I was talking to a young woman the other day who was recently sober and going through treatment for addiction. She told me a story about getting upset at herself for getting angry at another driver while she was in her car. I asked, “well then, did you get mad at yourself for feeling angry that you got angry?” The absurdity of beating herself up for having normal human feelings sunk in and she was able to laugh about it.
4. Choose healthy ways to soothe.
It’s natural to want to comfort yourself when you are suffering. It’s important to do so in a manner that doesn’t wind up making things worse. Finding positive ways to soothe isn’t rocket science.
Alcohol, for example, can temporarily lessen physical symptoms of depression. But after the intoxication wears off, symptoms can be worse than when you started. This is where a lot of people escalate and wind up with substance abuse problems.
Any addictive behavior, sex, drugs, self-harm, media consumption, can release neurochemicals that give you a temporary lift. They can also serve as a mental distraction from the issues triggering your emotions. I believe that we all innately understand when these behaviors become problematic.
So, the thing to do here is to understand when a behavior is serving to either soothe or shield you from emotional pain. It’s totally okay to want to do that. Now, look at the behavior as either nurturing or harmful long-term, or something that you don’t want to do short-term.
If you’re stuck for a replacement activity, rely on one of your most powerful tools. Your unconscious mind is a superhuman creative tool when you listen to it. So, talk to it and ask, “what’s something else I can do that’s both healthy and provides the emotional relief.”
5. Build resiliency through self-care and stress relief.
Resiliency is the ability to “bounce back” from adversity. Physically, resiliency is the capacity to recover from hardship, disease, or adverse physical conditions. Psychologically, resiliency is about handling stress or trauma.
One of the ways to build resilience is to practice some of the coping skills I’ve already outlined. Developing healthy coping skills and emotional intelligence are keys to psychological health.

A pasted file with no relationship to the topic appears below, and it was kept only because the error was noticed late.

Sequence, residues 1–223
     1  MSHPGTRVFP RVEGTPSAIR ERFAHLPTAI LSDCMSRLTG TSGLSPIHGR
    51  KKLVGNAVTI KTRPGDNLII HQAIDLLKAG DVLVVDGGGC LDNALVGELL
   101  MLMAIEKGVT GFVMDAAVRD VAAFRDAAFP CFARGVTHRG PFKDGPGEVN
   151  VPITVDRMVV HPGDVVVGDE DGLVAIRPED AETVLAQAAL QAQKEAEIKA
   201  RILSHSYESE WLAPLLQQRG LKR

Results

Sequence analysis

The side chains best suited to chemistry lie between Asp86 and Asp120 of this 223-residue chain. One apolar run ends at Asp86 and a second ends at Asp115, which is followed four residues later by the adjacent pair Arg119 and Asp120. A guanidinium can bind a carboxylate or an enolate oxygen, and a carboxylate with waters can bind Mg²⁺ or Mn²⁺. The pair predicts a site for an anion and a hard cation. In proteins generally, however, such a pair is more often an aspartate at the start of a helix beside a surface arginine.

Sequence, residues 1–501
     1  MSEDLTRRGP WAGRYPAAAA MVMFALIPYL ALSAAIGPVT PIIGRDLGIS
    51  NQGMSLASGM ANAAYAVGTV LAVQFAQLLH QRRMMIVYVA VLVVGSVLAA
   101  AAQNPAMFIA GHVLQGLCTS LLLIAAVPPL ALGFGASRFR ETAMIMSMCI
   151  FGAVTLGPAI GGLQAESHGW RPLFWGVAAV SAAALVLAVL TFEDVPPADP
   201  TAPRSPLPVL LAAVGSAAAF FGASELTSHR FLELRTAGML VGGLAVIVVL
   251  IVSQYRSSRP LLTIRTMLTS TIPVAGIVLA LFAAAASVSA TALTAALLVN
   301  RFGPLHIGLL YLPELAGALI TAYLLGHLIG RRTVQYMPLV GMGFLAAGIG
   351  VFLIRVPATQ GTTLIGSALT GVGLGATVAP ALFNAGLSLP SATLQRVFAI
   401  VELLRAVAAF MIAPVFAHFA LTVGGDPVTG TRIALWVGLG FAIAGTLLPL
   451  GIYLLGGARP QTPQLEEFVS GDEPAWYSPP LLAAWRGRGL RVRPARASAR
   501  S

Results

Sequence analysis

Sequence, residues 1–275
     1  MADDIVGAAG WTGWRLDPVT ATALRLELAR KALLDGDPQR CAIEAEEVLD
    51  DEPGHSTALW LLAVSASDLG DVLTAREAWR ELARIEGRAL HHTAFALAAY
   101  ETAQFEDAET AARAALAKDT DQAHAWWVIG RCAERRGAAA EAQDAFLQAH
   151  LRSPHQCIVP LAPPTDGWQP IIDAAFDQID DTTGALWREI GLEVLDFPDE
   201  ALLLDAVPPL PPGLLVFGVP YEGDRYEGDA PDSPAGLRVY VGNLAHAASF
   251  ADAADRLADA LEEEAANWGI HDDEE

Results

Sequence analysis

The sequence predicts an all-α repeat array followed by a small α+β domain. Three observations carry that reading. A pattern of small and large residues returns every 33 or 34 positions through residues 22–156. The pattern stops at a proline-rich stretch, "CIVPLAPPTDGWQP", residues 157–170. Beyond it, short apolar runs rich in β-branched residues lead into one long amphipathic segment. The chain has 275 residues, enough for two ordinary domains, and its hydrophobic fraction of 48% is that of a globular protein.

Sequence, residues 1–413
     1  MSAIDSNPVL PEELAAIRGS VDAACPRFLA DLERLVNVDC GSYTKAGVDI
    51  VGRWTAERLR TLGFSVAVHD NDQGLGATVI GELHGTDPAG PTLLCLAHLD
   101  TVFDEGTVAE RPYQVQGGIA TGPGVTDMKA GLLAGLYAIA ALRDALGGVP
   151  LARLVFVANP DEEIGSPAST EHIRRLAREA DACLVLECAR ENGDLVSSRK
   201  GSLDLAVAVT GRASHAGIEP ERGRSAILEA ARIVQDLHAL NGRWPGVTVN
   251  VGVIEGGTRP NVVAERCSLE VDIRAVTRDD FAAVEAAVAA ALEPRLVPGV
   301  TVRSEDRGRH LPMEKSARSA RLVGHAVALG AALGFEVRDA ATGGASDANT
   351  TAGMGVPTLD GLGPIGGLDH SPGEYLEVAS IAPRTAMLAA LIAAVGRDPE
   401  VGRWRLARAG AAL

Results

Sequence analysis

The other important factor is to manage stress effectively. Stress is a killer. Stress may seem like purely a mental thing (it’s all in your head), but your body treats stress in much the same way it does disease. If you don’t regulate and lessen your stress it can, over time, lead to severe disease and kill you.
The key here is to focus on self-care. You have to do something daily that is intended to release and lower stress. The operative words here are “do something” and “intended.” Vegging out on the couch in front of ESPN doesn’t count.
Find activities that nurture you. You know you need exercise, find an activity you like that gives you exercise. Hike, bike, rock climb, do a martial art. Do you like to paint, sing, dance? Plan daily activities around this.
Get social. Human beings are social creatures, and social contact releases the happy brain chemical oxytocin. You get more oxytocin when healthy physical touch is involved. This might be sex, but it could also be a pat on the back, a hug from your kids, or a massage. I’m a big advocate for regular therapeutic massage – it’s great for you.
Take care of yourself mind, body, and spirit. Do some yoga, some Qigong, some Tai Chi. Try out a floatation tank, or acupuncture, or any other form of healthy relaxation. Your adrenal glands need a break.
Learning to deal successfully with our emotions should be part of every adult’s growing-up process. Unfortunately, there is still a lot of shame and stigma around men and emotion – it’s OK to be angry or happy, and that’s it. But men are emotional creatures too; we have all the same parts for that that women do. Our social norms around men being emotional are far from healthy, and I’d love to see more men taking care of this critical part of themselves.